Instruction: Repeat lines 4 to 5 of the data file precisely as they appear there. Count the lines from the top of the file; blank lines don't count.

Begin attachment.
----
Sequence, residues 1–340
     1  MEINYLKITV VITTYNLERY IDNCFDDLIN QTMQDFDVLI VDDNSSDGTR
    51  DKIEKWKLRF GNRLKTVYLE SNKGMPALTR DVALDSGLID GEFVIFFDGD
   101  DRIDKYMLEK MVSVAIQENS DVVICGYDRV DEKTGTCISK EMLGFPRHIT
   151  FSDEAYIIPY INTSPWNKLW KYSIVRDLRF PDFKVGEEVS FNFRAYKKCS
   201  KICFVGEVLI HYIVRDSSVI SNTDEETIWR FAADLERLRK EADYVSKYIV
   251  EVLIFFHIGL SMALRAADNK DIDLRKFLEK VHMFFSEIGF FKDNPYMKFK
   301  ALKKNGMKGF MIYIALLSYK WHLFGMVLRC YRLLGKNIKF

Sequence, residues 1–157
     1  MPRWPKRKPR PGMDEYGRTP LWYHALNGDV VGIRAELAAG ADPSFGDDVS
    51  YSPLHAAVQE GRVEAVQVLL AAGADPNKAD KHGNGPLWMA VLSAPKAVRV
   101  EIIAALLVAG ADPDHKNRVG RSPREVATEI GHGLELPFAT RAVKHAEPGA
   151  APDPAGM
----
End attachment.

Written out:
   101  DRIDKYMLEK MVSVAIQENS DVVICGYDRV DEKTGTCISK EMLGFPRHIT
   151  FSDEAYIIPY INTSPWNKLW KYSIVRDLRF PDFKVGEEVS FNFRAYKKCS